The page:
“I don’t think I could,” said her father reflectively. “We haven’t got a bedroom to spare. You couldn’t put a mistress in the sewing room, could you?”
” Dad .”
“No, Gentian, I am not planning to bring home a mistress. I will even go so far as to say that I do not have a mistress, although I’m not sure it would be any of your business if I did, unless I were planning to bring her home.”
“Would it be Mom’s business? Even if you weren’t planning to bring her home?”
“Yes, of course.”
“Well, that’s something.”
“What about you? Are you planning to bring somebody home? We’ll look as respectable as we ever do, I assure you. No unaccounted-for adults cluttering up the place. Just the usual ration.”
“Just the usual double-star system,” said Gentian, slowly.
“Are they usual?”
“Well, multiple-star systems are. I’m not sure about doubles as opposed to triples or whatever.”
“You can bring two people home if you like,” said her father, equably. “Just warn us so we can put some water in the soup.”
He was in a skittish mood; there wasn’t much point in talking to him any longer.
“Thanks,” said Gentian, and went out.
“Are you turning into a teenager?” her father shouted after her.
Gentian did not deign to answer.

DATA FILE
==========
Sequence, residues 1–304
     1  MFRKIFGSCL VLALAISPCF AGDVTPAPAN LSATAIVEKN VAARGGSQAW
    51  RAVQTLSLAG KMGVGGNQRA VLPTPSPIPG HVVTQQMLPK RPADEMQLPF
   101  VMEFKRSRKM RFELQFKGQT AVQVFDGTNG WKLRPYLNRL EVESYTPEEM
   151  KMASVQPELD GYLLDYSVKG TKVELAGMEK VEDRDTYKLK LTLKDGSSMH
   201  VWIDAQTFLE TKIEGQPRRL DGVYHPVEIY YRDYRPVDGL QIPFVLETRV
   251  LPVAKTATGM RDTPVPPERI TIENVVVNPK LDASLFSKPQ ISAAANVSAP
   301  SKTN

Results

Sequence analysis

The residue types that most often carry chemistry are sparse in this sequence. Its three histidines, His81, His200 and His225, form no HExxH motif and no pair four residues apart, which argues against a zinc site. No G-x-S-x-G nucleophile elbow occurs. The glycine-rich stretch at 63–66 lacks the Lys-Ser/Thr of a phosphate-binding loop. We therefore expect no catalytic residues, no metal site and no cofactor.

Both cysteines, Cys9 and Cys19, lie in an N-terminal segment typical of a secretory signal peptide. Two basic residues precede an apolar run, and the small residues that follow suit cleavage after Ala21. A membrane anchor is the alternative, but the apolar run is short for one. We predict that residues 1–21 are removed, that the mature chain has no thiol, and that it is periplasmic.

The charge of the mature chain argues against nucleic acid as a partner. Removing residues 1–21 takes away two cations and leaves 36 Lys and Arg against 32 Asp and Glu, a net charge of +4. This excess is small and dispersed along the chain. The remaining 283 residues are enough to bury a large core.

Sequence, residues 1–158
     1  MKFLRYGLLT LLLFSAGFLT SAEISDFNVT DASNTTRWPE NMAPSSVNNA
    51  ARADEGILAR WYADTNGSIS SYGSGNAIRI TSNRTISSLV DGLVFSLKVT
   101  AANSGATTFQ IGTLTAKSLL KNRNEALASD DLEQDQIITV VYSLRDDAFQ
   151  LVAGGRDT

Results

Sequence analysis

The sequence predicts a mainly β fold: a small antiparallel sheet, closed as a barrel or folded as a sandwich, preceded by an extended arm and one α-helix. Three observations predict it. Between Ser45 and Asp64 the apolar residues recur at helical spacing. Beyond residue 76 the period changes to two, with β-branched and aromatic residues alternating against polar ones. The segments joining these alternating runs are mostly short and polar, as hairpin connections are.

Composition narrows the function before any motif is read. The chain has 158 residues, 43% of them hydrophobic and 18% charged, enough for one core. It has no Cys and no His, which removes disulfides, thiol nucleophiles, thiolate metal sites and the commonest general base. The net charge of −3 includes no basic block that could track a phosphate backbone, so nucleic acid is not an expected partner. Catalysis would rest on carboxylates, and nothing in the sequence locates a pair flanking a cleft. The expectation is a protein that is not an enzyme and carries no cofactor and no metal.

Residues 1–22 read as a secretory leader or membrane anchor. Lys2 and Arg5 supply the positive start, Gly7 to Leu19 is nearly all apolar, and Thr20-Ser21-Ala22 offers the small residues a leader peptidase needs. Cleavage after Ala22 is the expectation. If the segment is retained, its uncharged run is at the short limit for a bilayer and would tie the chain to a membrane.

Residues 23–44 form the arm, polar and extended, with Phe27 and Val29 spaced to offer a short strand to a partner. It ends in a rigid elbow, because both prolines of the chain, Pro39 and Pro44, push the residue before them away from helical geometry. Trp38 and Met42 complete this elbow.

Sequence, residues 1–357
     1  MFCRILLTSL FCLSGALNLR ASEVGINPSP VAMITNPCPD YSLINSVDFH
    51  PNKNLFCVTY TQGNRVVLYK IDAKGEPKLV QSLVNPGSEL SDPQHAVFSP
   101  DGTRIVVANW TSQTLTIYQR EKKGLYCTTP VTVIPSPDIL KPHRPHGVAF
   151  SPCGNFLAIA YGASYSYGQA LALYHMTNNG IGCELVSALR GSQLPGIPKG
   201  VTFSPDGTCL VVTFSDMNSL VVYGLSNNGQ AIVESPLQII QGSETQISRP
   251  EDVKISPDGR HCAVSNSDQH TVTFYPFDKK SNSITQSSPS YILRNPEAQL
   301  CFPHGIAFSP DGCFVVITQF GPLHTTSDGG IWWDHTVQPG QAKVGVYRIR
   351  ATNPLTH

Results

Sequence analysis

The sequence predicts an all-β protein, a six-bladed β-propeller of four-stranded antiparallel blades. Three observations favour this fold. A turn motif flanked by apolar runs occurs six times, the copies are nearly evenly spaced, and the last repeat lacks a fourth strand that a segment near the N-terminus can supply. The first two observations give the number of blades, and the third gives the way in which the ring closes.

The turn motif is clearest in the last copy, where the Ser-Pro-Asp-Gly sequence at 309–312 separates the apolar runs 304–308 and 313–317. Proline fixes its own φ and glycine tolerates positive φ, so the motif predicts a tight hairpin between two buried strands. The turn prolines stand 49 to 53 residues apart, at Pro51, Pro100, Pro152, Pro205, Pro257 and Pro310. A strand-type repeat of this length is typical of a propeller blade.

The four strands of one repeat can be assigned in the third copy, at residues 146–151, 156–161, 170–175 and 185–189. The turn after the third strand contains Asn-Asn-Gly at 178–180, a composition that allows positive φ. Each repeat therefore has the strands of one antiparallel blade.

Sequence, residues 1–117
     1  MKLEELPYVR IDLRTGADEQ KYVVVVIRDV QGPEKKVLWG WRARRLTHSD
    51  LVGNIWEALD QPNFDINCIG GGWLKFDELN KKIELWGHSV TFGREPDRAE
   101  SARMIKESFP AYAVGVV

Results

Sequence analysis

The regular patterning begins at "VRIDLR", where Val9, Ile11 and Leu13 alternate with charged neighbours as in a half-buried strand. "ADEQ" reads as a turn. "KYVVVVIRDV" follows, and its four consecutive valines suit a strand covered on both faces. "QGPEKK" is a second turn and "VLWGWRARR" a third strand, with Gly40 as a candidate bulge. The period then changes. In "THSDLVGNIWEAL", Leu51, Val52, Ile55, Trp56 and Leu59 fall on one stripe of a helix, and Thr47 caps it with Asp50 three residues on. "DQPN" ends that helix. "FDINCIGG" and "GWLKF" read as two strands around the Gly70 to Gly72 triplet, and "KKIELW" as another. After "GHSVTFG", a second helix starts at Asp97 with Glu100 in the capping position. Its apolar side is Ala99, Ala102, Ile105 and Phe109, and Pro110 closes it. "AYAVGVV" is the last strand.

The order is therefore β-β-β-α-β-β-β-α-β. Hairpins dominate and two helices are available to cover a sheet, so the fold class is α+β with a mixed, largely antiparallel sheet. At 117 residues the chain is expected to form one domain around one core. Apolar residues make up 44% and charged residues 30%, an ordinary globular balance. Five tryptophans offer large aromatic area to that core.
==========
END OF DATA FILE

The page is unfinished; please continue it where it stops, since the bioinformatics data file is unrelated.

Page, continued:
This was much more surprising. I’d been having a wonderful time writing about Gentian’s astronomical obsession, but the main reason that I put it in, to start with, was a plot reason that I won’t tell you because it would give too much away. But what’s happening here, when Becky makes her remark about the double star, means that the astronomical passages are also serving the theme of the book. The book is about family relationships, friendship, the strains that romantic possibilities outside a circle of friends can have on friendship, and the ways that we all depend on one another. It’s about the ways we are bound together, as double stars are by gravity. But I hadn’t really realized that until I wrote this conversation.
This conversation also really highlights Gentian’s father’s sense of humor. And while, again, I don’t want to give details and spoil the story, this sense of humor helps explain her father’s entire attitude towards the situation that Gentian finds herself in by the end of the book.